Who doesn’t love a curry? A delicious laksa or perhaps a sambal? These classic dishes use typically Asian herbs and spices to create their flavours, and many of these can be grown at home in the garden to really add freshness and authenticity to your flavour bases...so grow your own Asian Garden Flavour Adventure.
Chilli is an essential ingredient in many dishes. There is an enormous range in their heat, fruitiness, and pungency, depending on the variety of chilli, and whether they are picked green or ripe, which can be yellow, red, or purple, again depending on the cultivar. Chillies are measured with the scoville scale, with the hottest chilli ranked at over 2 million. Habanero and Cayenne are the hottest of the commonly available types, but other, like Jalapeno, Paprika and red pepper (or capsicums) are much milder.
Chillies are easy to grow in any frost free position, and love an open sunny position with well-drained soil and regular feeding to really grow their best. Their abundant fruits can be stored in zip lock bags in the freeze, dried out and in airtight containers, or made into pastes and then frozen as ready to use flavour bombs!
Coriander is an annual herb of which all parts are edible. The roots are very important in Thai cuisine, and an essential ingredient in many pastes. Just make sure you really wash them carefully so you don’t get dirt in your dishes as well. The seeds, leaves and flowers are also all edible, and each have their own unique flavour. It’s often referred to as Chinese parsley or Cilantro too.
Coriander grows best from seeds sown direct in situ. If you’re going to buy them already growing in pots, be very careful not to disturb the roots when they replanted and water in gently with some seaweed solution. When they flower, it also attracts beneficial insects such as hoverflies, lacewings and parasitic wasps, so although the flavour and texture of the foliage might not be to your taste any more, the good guy critters LOVE it!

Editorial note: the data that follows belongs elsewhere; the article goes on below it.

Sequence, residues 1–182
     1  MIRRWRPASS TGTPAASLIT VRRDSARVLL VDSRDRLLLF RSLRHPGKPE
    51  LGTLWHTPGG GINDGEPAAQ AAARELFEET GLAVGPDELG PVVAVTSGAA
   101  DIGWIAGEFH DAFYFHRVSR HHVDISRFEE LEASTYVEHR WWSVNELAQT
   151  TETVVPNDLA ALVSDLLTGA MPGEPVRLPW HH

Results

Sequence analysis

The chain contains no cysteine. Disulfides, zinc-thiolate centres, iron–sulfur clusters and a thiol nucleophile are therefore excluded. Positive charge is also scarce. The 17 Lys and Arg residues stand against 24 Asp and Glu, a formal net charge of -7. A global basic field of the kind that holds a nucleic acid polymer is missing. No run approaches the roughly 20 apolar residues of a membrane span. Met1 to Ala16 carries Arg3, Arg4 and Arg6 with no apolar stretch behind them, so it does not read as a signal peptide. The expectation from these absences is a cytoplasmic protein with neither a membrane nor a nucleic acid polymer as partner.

Curry Leaf Plant (Murraya koenigii) is an essential ingredient in Malaysian, Indian, Sri Lankan and Island food. It’s as important to these cuisines as bay leaves are to the French! They can be used raw in pesto, fried, dried, frozen and crumbled. The plants themselves belong to the same family as citrus, and have small fruits that are also edible, although the seeds are not.
Curry leaf like a frost free spot, and can be partially deciduous if they get too cold. They like well drained, enriched soil, and regular pruning (or picking) will keep them think and bushy; if you let them grow, they can be around 4m tall, making harvest a little tricky!
Galangal (Alpinia galanga) is a member of the ginger family, and like ginger, it’s the roots that are used in cooking. It has a fresh, slightly lemony flavour and can be used peeled, grated or chopped into dishes. Large quantities should be dug in winter when the leaves yellow or brown, but the odd piece can be dug cleanly from the main plant using a spade.
Galangal grows best in a partially protected place, and will grow to about 1.2m, making it a great plant for screening fences in warm temperate, sub-tropical and tropical areas. The white flower spikes are an added ornamental bonus against the lush, mid-green foliage.
Garlic is a member of the onion family and is an essential flavour to so many cuisines. The plant is sown from individual gloves in late autumn and winter into well dug soil. Six months later in summer it can be harvested. A less hassle and user friendly version of garlic can be achieved by growing garlic chives. The foliage of these can simply be snipped off and used instead. Society Garlic (Tulbaghia violacea) is another option with very tasty leaves and pretty purple flowers, which are also edible. All three like a sunny, well drained position.
Lemon Grass leaves are used in teas, cosmetics and even as mulches, but it’s the swollen base of these that’s used in cooking. The plant grows to about 1m and likes a rich, moist soil, well feed with nitrogen, and tend to die back in winter, at which point you can cut back the foliage and easily prune out some of the stems. You can freeze these stems for use at any time in the soups, stews and curries.
Lime Kaffir lime (Citrus hystrix) is an unusually ugly fruit; its green and warty looking! But appearances are not everything, and this particular plant has fragrant leaves which add a wonderful aroma to any laksa, soup and curry, giving it a citrus zing. It needs a full sun position, with lots of regular water and fertiliser to keep the foliage fresh and delicious. Perfect for adding authenticity to Cambodian, Vietnamese, Thai, Laos and Indonesian dished,
Thai Basil is an annual plant that is used regularly in rice paper rolls, salads and as a garnish for all sorts of Asian dishes. Grow it in a bright spot and give it plenty and food and water to promote foliage. Remove flowers by pinch pruning regularly. Happy in pots or in the ground, anywhere frost free.
Vietnamese Mint is a hot and spicy ground cover that is also sometimes called ‘hot mint’. It can take over, so unless you mind it as a groundcover everywhere, perhaps keep it confined to a pot. It loves regularly watering, and can even grow happily with its roots partially submerged in a pond.